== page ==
The #26 G-Drive Aurus-badged Oreca of Roman Rusinov, Jean-Eric Vergne and Mikkel Jensen, which was hit by electrical problems overnight, was on its way to third until Vergne had to box with suspension damage in the final hour, dropping down to fifth.
G-Drive’s delay promoted the #31 Panis Racing Oreca of Mathieu Vaxiviere, Julien Canal and Nico Jamin to third. There was more late drama in LMP2 when James Allen suffered a hard crash at Porsche Curves in the fourth-placed #39 Graff Oreca, which elevated the #36 Signatech Alpine Oreca to fourth despite its early water leak.
There was a highly commendable sixth in class for the #28 IDEC Sport Oreca, a crew which faced an uphill battle to rebuild the car after a practice crash, lacked track time and was forced to start from the pitlane. Its #17 sister car faced a similar fate and also finished the race.
GTE: Aston Martin triumphs over Ferrari
The eight-car GTE Pro battle turned into a two-horse race between the #51 AF Corse Ferrari of James Calado, Alessandro Pier Guidi and Daniel Serra and the #97 Aston Martin of Alex Lynn, Maxime Martin and Ford refugee Harry Tincknell.
The #97 Aston had a leg up on the Ferrari throughout the morning, a triumphant Lynn crossing the line some 1m40s ahead of his rival Calado to gift Aston Martin its first Le Mans GTE Pro win since 2017.
The sister cars of Aston Martin and Ferrari were initially in the hunt as well, but in the #71 AF Corse Ferrari Sam Bird suffered a puncture on Sunday morning, which wreaked havoc on the right-rear corner of the 488 GTE and cost it three laps. The #95 Aston also gradually lost time, which started on Saturday night when it was delayed under safety car conditions.
The #95 car driven by Marco Sorensen, Nicki Thiim and Richard Westbrook bagged third, while Rigon's #71 Ferrari suffered a broken gearbox on the last lap while running fourth. That promoted the #82 Risi Competizione Ferrari to fourth, following a damper failure that caused Sebastien Bourdais to spin off in the night.
Both factory Porsche entries endured a disastrous race. Gianmaria Bruni started on pole in the #91 Porsche 911 RSR-19 but immediately dropped down the order with an undiagnosed acceleration problem, which also plagued the sister #92 car throughout the race. The latter also spent a lot of time in the garage with a power steering issue.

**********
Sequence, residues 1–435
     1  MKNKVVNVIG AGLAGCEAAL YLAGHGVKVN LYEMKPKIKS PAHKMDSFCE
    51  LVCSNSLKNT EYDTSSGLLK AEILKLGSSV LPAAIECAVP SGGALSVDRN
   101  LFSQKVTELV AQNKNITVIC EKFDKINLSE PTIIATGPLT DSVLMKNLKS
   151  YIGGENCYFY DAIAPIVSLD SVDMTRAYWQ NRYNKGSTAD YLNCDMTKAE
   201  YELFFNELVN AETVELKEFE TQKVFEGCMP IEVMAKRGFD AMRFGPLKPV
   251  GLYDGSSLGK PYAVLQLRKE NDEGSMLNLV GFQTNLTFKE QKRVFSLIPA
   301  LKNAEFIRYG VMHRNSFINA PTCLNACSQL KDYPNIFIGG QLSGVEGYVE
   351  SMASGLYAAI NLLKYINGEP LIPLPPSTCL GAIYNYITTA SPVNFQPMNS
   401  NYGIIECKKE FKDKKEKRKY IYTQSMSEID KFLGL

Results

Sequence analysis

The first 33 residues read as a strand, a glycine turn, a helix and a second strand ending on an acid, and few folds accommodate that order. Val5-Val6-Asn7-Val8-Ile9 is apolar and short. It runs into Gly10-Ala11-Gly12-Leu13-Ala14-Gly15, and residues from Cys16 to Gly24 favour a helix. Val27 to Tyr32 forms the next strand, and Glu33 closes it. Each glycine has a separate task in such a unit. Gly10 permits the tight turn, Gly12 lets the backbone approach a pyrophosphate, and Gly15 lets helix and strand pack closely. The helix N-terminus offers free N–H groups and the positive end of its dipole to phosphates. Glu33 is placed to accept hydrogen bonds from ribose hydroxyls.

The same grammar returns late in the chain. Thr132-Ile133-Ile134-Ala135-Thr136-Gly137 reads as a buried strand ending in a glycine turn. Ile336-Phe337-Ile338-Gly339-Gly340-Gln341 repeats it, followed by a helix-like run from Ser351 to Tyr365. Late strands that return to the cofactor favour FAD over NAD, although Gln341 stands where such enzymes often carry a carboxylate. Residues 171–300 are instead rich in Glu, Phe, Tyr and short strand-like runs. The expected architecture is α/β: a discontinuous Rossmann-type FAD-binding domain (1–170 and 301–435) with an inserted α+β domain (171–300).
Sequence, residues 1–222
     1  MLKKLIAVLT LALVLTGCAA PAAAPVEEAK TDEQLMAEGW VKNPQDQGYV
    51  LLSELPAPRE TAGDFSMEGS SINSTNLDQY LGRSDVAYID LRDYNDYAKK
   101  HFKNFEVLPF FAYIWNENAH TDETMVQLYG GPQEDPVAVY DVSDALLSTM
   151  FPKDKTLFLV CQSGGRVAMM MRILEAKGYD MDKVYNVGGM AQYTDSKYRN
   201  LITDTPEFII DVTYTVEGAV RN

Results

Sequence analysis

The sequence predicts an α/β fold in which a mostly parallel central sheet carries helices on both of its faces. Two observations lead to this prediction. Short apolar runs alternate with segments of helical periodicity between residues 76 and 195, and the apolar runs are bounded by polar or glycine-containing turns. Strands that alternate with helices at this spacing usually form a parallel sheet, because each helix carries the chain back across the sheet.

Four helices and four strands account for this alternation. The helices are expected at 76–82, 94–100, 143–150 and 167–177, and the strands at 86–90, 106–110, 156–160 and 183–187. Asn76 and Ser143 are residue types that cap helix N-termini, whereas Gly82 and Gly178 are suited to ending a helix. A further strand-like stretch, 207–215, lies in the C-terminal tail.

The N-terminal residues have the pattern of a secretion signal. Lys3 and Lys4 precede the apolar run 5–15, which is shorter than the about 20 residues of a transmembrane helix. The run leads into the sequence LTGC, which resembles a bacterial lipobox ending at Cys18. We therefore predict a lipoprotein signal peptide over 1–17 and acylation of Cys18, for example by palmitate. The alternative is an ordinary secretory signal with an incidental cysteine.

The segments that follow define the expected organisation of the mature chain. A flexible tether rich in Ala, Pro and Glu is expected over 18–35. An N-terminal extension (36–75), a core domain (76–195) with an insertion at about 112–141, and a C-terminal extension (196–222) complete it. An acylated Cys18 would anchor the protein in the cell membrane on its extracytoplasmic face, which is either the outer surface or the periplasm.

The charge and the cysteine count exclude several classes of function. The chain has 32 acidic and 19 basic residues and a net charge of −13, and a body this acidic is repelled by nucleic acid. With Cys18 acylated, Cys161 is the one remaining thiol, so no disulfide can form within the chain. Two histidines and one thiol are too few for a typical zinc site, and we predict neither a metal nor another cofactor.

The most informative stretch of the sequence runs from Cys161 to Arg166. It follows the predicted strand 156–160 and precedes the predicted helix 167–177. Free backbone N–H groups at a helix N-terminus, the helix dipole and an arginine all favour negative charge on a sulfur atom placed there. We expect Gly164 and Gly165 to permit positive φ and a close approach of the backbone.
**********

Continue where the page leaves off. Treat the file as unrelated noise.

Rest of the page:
The #91 car finished sixth ahead of the #92 entry, the last two finishing cars in class. The #63 WeatherTech Racing car retired after Toni Vilander clashed with Nyck de Vries in the #29 Racing Team Nederland Oreca LMP2.
In GTE Am, the #90 TF Sport Aston of Jonathan Adam, Charlie Eastwood and Salih Yoluc romped home to a comfortable win to make it a clean sweep of wins in GTE for Aston Martin, after suspension issues for the factory-entered #98 Aston that was also in contention for most of the first half of the race.
A late safety car bunched up the three cars squabbling over the remaining GTE Am podium positions. In the #56 Team Project 1 Porsche Matteo Cairoli tried to hold off the #77 Dempsey-Proton Porsche of Matt Campbell and the #83 AF Corse Ferrari of Nicklas Nielsen, but lost out in the second Mulsanne chicane and Mulsanne corner respectively.
Cairoli tried to retaliate in the Ford chicane, but made contact with Nielsen and remained in fourth. Campbell finished second for Dempsey-Proton, ahead of Nielsen’s AF Corse Ferrari.